Pharmaceutical company Novartis says it may be close to developing a drug as a "fountain of youth" capable of holding back the effects seen in aging.
Researchers at the drug company say their studies suggest older people administered a drug that zeroes in on a genetic signaling pathway associated with immune function and aging displayed a significant lift in their immune systems.
The experimental drug, a modified version of a medication known as rapamycin, improved study participants' immune reaction to a flu vaccine by as much as 20 percent, the researchers have reported in the journal Science Translational Medicine.
Rapamycin is a member of a class of drugs called mTOR inhibitors, a type of medication capable of counteracting aging and delaying aging-related diseases in mice and other animals.
Dr. Nir Barzilai, head of the Institute for Aging Research at New York City' Albert Einstein College of Medicine, called the drug study a "watershed" moment in research into aging and health.
The Novartis work is among the first research efforts to show that mTOR drugs can delay the effects of advancing age in humans as well as animals, says Barzilai, who was not involved in the study.
"It sets the stage for using this drug to target aging, to improve everything about aging," he says. "That's really going to be for us a turning point in research, and we are very excited."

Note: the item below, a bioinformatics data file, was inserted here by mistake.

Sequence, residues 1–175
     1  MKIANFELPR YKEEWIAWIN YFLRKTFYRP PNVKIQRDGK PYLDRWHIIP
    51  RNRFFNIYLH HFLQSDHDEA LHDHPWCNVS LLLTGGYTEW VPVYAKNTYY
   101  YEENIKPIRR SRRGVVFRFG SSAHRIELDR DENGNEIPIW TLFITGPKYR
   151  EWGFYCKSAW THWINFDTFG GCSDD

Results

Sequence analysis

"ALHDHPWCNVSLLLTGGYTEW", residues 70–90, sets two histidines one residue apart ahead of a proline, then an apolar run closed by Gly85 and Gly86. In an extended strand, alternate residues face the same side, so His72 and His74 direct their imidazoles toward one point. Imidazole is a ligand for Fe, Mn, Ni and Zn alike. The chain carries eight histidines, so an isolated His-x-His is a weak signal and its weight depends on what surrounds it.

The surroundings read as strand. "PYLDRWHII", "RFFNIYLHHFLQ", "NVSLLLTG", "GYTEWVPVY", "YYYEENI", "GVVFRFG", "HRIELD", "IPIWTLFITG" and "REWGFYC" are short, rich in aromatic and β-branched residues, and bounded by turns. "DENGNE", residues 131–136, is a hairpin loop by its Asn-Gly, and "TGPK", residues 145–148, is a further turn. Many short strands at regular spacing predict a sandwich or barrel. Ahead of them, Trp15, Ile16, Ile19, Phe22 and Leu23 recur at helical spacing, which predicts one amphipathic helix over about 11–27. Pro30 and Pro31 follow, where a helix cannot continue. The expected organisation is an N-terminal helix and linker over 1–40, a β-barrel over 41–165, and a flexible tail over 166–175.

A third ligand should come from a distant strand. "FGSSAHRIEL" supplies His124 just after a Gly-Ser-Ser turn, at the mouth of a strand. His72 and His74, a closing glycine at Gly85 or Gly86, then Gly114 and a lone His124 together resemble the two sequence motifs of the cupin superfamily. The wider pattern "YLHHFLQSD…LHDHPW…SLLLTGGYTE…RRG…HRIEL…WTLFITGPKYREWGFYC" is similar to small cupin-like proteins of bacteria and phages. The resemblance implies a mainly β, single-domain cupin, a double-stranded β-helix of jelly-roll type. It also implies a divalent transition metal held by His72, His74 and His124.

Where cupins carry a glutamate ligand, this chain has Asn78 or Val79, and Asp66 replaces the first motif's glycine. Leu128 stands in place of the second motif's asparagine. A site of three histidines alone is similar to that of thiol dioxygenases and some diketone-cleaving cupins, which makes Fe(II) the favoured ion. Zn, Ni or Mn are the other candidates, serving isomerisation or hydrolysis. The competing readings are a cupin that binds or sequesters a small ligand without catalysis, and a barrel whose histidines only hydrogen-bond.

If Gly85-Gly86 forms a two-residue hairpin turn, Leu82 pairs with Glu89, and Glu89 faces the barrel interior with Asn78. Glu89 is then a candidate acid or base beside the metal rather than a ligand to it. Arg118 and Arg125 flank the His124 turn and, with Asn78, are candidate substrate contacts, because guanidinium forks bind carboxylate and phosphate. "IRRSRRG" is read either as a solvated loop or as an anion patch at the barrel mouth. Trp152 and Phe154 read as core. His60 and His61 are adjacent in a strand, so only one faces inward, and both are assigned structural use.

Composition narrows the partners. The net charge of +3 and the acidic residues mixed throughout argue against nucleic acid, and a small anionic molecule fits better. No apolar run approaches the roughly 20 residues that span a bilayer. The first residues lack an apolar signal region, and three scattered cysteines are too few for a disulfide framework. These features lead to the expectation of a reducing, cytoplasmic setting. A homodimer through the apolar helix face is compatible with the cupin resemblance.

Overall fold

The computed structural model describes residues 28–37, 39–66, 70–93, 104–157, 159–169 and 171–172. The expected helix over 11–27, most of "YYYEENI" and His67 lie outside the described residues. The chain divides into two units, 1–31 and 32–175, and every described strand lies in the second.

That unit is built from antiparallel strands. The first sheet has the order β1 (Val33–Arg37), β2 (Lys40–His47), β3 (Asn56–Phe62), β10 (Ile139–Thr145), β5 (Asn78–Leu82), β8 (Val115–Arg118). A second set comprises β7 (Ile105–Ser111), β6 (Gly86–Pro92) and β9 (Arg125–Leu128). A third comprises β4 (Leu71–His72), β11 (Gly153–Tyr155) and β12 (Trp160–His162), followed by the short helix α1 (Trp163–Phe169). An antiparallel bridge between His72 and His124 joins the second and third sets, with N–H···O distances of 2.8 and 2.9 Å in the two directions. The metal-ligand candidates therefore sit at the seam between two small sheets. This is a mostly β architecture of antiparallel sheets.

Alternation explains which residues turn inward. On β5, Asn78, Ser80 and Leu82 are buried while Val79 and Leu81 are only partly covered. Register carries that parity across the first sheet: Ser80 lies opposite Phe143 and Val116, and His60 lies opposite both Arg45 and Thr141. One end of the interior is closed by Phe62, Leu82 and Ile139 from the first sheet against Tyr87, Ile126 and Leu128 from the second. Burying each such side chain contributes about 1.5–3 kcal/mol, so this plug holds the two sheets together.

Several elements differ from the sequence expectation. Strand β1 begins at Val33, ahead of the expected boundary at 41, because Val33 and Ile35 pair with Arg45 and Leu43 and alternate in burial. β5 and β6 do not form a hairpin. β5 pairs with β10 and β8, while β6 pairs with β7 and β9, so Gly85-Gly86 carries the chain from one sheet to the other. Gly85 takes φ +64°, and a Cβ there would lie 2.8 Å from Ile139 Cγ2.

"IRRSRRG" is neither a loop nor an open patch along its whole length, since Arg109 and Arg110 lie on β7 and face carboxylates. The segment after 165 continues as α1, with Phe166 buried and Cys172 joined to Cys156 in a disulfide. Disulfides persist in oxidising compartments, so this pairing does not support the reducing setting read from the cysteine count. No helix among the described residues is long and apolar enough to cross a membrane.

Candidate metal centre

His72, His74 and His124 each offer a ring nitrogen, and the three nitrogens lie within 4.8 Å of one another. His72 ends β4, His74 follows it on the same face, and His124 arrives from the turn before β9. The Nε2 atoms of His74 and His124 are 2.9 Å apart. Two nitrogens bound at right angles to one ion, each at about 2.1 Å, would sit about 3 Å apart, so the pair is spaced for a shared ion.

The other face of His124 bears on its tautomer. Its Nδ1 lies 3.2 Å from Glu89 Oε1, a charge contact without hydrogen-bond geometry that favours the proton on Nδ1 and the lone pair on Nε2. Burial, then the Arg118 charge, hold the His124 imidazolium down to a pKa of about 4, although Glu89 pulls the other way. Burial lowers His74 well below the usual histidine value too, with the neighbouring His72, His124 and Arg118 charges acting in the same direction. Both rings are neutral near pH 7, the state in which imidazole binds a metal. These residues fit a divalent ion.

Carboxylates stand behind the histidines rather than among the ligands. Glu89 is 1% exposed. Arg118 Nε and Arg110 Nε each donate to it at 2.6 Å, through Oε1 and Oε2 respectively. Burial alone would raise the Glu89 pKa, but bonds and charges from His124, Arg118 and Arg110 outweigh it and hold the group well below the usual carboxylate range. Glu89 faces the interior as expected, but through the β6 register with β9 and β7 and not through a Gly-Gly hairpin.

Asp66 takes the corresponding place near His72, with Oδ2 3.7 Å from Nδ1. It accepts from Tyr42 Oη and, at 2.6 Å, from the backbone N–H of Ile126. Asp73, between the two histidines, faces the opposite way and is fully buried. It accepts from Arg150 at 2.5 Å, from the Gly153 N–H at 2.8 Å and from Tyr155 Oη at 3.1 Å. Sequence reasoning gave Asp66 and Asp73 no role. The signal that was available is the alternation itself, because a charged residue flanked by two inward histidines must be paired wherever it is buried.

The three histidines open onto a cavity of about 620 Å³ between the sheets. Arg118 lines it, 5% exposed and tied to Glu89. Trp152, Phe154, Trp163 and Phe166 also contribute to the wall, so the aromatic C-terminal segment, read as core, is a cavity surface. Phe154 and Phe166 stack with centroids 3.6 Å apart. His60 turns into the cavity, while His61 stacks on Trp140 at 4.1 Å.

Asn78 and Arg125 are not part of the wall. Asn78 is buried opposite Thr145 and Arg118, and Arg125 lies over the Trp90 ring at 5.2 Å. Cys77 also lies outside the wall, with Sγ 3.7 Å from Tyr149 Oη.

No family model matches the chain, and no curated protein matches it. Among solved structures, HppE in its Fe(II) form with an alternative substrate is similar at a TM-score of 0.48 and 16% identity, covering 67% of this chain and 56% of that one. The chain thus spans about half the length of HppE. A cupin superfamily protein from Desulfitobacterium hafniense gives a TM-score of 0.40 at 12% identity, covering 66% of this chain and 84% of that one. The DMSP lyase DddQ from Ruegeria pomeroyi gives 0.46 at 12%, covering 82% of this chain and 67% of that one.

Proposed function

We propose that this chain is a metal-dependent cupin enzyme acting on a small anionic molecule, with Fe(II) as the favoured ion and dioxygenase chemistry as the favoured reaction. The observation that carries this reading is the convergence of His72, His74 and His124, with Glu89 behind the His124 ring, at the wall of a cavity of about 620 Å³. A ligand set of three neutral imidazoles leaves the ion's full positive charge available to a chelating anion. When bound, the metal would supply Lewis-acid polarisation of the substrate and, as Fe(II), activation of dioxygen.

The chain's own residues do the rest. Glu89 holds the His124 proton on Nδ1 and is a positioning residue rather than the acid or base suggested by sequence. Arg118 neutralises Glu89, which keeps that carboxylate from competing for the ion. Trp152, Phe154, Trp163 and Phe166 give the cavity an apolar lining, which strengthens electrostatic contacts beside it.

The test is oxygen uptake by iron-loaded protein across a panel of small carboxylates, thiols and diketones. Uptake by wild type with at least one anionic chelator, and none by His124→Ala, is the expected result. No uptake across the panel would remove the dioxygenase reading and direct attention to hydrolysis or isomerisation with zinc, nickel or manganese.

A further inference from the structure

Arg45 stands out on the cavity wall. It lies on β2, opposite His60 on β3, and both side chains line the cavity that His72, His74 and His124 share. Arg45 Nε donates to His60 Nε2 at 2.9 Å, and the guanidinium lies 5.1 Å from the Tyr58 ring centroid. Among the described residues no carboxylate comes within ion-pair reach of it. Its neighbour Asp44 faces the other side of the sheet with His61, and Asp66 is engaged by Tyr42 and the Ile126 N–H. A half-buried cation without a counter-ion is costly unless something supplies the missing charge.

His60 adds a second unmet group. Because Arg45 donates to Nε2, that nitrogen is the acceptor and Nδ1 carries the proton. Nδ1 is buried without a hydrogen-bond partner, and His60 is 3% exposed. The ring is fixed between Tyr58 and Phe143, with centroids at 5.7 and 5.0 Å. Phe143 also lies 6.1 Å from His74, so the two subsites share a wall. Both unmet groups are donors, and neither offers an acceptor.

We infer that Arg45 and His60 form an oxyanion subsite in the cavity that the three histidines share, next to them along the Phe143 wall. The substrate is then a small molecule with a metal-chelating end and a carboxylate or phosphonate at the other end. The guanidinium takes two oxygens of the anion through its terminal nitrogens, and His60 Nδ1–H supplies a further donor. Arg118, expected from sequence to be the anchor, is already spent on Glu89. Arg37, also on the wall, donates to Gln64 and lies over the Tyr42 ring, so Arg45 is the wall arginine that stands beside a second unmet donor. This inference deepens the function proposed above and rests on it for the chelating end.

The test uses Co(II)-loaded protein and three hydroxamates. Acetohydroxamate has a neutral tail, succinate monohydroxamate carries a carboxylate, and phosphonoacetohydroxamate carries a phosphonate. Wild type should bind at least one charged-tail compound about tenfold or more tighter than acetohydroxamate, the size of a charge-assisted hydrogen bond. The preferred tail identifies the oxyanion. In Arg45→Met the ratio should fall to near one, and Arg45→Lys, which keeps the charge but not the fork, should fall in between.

The genetic signaling pathway the researchers have been directing their studies at is known to promote healthy development and growth in young mammals but seems to have negative health effects as an individual grows older, says study lead author Dr. Joan Mannick of the Novartis Institutes for Biomedical Research.
Drugs such as rapamycin, when utilized to inhibit effects of the mTOR pathway in mice, "seem to extend lifespan and delay the onset of aging-related illnesses," Mannick says.
Mannick expressed caution about whether the Novartis study could lead to medications to boost the immune systems of the elderly, calling it just the "first baby step."
"It's very important to point out that the risk/benefit of MTOR inhibitors should be established in clinical trials before anybody thinks this could be used to treat aging-related conditions," she said.
Barzilai, for his part, was less cautious, saying such studies could lead to a revolution in the manner in which the diseases that present greater risks as we age -- including heart disease, cacder and others -- will be treated.
"Aging is the major risk factor for the killers we're afraid of," he said. "If the aging is the major risk, the way to extend people's lives and improve their health is to delay aging."